CBD marketer goes for functional food positioning

By Hank Schultz

- Last updated on GMT

CBD marketer goes for functional food positioning

Related tags Cannabis Hemp

A new marketer of CBD products is hanging its hat on a functional food positioning and restricting claims to other ingredients in the products in an effort to find a regulatory safe harbor.

The company, Phivida, is based in British Columbia and has been selling imported hemp oil extract on a wholesale basis for several years.  Now the company is branching out with a line of hemp oil infused juices, tinctures and vitamin shots.

John David, president of Phivida, said the company’s products are imported as a food from a European supplier.  In working with copackers in the United States, including one in Colorado,  David said the company gave careful thought to how the products should be positioned, given the sensitive nature of the regulatory picture.

“We don’t make claims about the function or efficacy of CBD because unfortunately that’s been an issue with the FDA’s stance on GW Pharmaceuticals and their IND.  Fortunately we came into the marketplace when these issues were very apparent,” ​David told NutraIngredients-USA.

“We are a functional food product company. We have partnered with the largest certified organic industrial hemp farm in the EU. We import a food that is legal to sell in all 50 states,” ​he said.

Nano encapsulation

With that being said,  David did say that the supercritical CO2 extract his company uses for its products has some distinct benefits.  It features a technology that will boost the claims of bioavailability of CBD, enabling this expensive ingredient to be effective at smaller doses.

“We nano encapsulate the oil which increases the speed at which it is taken up into the body and increase the length of time in which it stays in the body by about 400%,”​ he said.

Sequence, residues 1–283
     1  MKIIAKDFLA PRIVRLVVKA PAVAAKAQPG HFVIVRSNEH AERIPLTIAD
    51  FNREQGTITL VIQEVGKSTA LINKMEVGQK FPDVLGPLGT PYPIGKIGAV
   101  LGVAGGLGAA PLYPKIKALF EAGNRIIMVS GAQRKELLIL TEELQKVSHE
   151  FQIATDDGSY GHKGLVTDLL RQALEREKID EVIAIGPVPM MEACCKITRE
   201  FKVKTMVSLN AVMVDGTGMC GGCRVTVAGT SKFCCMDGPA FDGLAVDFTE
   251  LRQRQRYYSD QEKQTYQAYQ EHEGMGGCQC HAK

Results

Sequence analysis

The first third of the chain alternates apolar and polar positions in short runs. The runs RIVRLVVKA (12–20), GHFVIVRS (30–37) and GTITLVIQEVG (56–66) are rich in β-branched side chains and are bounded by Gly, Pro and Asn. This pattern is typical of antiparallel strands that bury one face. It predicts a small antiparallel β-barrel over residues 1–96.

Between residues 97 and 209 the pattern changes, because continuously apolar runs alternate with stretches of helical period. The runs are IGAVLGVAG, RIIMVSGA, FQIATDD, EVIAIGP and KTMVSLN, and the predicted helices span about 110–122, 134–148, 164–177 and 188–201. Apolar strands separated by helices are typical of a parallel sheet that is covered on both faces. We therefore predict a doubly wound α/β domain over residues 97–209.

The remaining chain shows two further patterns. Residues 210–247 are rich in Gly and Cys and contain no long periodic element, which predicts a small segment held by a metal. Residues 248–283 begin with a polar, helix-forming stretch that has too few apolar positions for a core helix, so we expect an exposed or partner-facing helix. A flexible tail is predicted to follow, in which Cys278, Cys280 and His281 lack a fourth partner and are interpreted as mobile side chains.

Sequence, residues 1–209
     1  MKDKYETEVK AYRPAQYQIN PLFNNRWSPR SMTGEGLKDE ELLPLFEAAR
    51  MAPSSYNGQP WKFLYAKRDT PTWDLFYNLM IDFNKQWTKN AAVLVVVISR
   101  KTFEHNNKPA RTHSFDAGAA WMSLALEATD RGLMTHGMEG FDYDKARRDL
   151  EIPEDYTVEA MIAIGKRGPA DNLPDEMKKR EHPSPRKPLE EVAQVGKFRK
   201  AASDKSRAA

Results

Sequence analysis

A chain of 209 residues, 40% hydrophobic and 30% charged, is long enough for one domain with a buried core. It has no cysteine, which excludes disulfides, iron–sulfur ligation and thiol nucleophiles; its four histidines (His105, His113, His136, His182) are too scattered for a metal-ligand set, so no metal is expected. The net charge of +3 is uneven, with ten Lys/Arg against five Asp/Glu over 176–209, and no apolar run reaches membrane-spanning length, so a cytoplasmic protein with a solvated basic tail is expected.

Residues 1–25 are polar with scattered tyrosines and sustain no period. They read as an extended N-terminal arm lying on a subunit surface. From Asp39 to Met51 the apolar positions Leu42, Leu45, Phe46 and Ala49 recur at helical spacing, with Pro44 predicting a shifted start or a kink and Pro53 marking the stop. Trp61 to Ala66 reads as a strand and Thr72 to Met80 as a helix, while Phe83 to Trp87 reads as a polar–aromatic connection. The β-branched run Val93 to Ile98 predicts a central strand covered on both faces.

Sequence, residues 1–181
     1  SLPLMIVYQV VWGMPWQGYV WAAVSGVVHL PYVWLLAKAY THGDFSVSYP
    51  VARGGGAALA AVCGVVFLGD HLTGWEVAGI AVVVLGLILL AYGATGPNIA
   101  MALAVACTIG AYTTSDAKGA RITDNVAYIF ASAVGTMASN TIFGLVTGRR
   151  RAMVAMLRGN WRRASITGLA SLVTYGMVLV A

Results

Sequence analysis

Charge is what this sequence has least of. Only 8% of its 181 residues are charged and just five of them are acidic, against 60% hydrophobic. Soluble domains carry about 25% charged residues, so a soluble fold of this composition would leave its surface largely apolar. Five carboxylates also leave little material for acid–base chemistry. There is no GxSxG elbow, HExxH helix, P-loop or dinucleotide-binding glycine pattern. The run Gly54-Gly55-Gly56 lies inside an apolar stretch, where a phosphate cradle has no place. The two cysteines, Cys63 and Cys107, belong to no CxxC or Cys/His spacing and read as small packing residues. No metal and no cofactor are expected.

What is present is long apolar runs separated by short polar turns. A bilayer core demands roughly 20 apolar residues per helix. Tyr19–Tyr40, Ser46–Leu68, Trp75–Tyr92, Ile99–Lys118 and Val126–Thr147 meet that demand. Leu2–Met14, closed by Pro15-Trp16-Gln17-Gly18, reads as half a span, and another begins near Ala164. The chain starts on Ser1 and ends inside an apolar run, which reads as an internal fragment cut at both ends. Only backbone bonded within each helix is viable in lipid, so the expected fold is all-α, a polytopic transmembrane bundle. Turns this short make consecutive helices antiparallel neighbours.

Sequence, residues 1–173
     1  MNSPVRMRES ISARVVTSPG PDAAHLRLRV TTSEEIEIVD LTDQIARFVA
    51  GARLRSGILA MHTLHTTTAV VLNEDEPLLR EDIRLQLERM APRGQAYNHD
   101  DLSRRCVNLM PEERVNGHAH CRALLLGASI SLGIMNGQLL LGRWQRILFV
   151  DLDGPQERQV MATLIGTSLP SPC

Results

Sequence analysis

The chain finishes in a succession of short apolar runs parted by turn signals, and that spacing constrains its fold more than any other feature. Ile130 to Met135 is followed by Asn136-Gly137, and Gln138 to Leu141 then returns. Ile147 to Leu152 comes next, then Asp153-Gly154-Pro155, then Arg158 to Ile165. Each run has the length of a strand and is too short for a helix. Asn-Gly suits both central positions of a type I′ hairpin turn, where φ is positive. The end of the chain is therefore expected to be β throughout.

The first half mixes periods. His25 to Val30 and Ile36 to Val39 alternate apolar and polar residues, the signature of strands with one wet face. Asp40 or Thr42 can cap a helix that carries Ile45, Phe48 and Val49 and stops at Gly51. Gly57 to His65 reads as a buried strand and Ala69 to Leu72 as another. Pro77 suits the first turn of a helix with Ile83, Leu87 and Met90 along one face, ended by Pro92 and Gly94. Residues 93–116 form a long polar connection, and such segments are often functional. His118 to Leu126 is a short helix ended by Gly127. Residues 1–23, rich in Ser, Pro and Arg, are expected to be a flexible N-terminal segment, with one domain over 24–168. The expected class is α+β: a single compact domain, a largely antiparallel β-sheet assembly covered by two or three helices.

David also said the company intends to differentiate itself with the quality of its products. The company’s point of view is that the unsettled regulatory picture has given rise to a range of quick-hit, fly-by-night marketers whose quality can sometimes be suspect. David said Phivida intends to remain the highest level of compliance with the appropriate regulations, including packing the products in GMP compliant facilities and using certified raw material. 

The company intends to pursue a “four channel” distribution strategy, David said.  That includes health practitioners, online sales, natural and specialty food retailers and dispensaries in those states that have medical marijuana laws. 

“In the dispensaries the products will be labeled with special labels that are specific to the regulations in each state,”​ he said.

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1 comment

Not Legally a Functional Food

Posted by Ken,

They may like to think of their product as a "functional food", but without a history of use as a human food, hemp stalks, leaves, branches or extracts thereof can not be sold as dietary supplements in any form in the U.S. without approval as an NDI.

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